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Q. Do I need to go to clubs with my boyfriend? I’m a straight woman who’s been dating the same guy for six years (we’re both in our 30s). I’m definitely a tomboy and really don’t like dressing up unless it’s a wedding or a job interview. It has taken me years to be OK with my tomboy self. I prefer a casual dive-bar setting, whereas he seems to want to be seen in flashy cars and attending flashy clubs. I’m a jeans-and-T-shirt kinda gal. So when he talks about wanting to go to clubs, I get extreme anxiety at the thought of dress codes and finding appropriate attire. I was once scolded by the bouncer at a club for wearing flats, and I absolutely loathe being in that situation. I feel that I’m being judged and often don’t feel “adequate” in these situations. On his birthday, he’s said things like “It’s my birthday, so I want to do this,” and I comply because he’s a hard worker, supportive partner, and joins me on many outings with my friends, but I really get anxiety for weeks leading up to one single night. He knows I hate clubs, and he expresses that he’d like to go to more if it wasn’t for me hating them. I suggest he go with his friends, but he doesn’t have many and they have either settled down with families or don’t have the money for outings that he’s interested in. Am I obligated to go on these flashy dates with him despite my anxiety leading up to them? Thanks!
A: There’s no universal rule for how many times a person “has” to do something they dislike but their partner enjoys. It’s great that your boyfriend is generally supportive and goes out with you and your friends a lot; it’s fine to go somewhere special for his birthday even though you know you won’t get much out of it. But if you have a miserable time at the club (as well as the weeks preceding it), no matter which clubs you go to, it’s reasonable to set a cap on how often you go. That’s not a referendum on whether he’s a good person or a suitable boyfriend; it’s just a question of having totally incompatible responses to clubs. Talk about a reasonable limit with your boyfriend, and find a compromise you can both live with. Beyond that, don’t feel like it’s your job to find him a replacement club buddy—if you’re not up for going one month, you don’t have to run through a list of his friends’ names until you find someone suitable to take over for you.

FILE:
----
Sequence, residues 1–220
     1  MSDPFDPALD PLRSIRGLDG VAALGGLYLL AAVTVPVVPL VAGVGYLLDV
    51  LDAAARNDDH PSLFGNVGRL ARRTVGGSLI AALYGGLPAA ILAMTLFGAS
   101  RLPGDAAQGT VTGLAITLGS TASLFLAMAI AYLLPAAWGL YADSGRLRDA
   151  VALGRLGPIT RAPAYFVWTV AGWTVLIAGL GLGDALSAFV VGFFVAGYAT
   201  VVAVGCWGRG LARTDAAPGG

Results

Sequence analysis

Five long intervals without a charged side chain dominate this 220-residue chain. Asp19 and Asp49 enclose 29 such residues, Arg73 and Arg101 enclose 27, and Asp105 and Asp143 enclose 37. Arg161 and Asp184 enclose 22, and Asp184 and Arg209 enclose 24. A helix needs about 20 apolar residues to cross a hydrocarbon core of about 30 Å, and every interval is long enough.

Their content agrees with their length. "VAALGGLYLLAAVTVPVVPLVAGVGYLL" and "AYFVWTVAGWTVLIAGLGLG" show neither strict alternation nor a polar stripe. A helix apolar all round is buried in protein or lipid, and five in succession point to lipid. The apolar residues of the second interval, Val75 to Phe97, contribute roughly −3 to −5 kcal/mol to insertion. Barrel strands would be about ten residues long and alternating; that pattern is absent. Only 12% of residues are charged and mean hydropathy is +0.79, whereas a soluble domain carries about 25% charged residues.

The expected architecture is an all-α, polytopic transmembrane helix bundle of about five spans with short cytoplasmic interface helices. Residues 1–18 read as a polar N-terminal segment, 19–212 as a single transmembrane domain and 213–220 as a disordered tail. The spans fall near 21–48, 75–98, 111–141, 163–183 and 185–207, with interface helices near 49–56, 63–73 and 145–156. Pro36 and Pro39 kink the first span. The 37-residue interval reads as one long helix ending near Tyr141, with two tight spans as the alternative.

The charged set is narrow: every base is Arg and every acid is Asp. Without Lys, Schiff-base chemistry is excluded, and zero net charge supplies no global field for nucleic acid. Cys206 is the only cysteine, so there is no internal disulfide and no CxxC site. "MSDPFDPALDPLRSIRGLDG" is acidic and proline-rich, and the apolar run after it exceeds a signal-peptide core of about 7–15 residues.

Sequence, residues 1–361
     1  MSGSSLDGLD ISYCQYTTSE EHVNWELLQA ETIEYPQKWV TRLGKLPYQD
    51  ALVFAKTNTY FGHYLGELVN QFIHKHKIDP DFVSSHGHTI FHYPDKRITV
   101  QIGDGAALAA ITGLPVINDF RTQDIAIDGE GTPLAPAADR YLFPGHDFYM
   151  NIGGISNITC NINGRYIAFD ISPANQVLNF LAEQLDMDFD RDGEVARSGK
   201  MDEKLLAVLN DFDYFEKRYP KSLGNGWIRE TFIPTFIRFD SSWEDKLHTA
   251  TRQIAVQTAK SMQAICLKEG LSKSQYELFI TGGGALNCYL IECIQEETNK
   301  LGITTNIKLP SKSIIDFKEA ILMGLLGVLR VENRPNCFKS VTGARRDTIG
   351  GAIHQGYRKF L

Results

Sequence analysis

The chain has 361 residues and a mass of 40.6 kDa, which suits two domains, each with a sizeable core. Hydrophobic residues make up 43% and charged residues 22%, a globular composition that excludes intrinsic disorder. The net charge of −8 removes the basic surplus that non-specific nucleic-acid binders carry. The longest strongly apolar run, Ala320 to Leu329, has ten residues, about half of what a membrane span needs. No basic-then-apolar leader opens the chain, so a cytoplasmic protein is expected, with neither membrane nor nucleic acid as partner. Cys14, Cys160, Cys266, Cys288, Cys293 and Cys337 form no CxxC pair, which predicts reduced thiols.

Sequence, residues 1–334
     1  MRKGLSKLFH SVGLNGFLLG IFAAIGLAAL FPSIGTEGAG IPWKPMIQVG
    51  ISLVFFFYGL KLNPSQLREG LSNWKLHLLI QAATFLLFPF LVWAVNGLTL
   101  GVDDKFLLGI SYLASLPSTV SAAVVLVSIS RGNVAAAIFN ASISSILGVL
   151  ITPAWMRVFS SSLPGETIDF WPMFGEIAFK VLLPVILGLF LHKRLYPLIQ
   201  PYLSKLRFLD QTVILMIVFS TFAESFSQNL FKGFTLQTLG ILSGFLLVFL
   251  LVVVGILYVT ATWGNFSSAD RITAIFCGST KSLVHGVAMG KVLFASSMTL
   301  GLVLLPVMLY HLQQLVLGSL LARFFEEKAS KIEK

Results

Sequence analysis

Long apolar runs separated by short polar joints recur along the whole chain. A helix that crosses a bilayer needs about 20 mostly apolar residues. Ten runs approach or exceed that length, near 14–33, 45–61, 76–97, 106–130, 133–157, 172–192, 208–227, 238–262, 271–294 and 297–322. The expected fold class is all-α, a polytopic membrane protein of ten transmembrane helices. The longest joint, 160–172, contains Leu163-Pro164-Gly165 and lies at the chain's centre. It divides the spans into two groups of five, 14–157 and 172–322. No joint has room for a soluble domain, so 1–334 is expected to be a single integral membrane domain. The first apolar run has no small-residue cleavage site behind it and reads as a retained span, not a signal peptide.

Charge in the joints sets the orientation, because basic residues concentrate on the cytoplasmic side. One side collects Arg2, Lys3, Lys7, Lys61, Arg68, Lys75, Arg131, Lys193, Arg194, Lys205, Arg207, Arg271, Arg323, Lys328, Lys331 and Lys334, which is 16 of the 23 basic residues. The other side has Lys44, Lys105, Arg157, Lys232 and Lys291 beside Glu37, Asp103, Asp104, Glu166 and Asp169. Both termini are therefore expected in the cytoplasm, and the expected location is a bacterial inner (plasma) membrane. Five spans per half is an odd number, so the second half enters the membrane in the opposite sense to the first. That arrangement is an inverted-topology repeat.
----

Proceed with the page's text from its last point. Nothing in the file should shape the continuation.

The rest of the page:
Q. Whose job is it to ensure privacy? I live in a condo in a densely populated area. My wife and 4-year-old son like to look at the flowers that line the building as part of their daily routine. The ground floor condo has a finished basement, and the owners use one of the basement rooms as their preteen daughter’s bedroom. That room has a window that is more or less right at flower height. In the course of looking at flowers, my wife and son often pass by (or even pause by) the window of this room. Recently, the owner came out and excoriated us for violating her daughter’s privacy by peering into her bedroom window. Of course, nobody is actually peering into the window, but they do literally stop and smell the flowers, sometimes very close to the window.
Other relevant facts: The window has no shades or blinds or other window treatments. Also, this all plays out in the common area to the condo association. It’s paved over with bricks in an area that seems designed for foot traffic. (It’s not like they’re going on some trek to an area unintended for people.) The owner claims it’s just “common sense” to refrain from this. We claim it’s just common sense that if one wants privacy in this situation, they should have shades or blinds—especially when the window opens to the common area. Thoughts?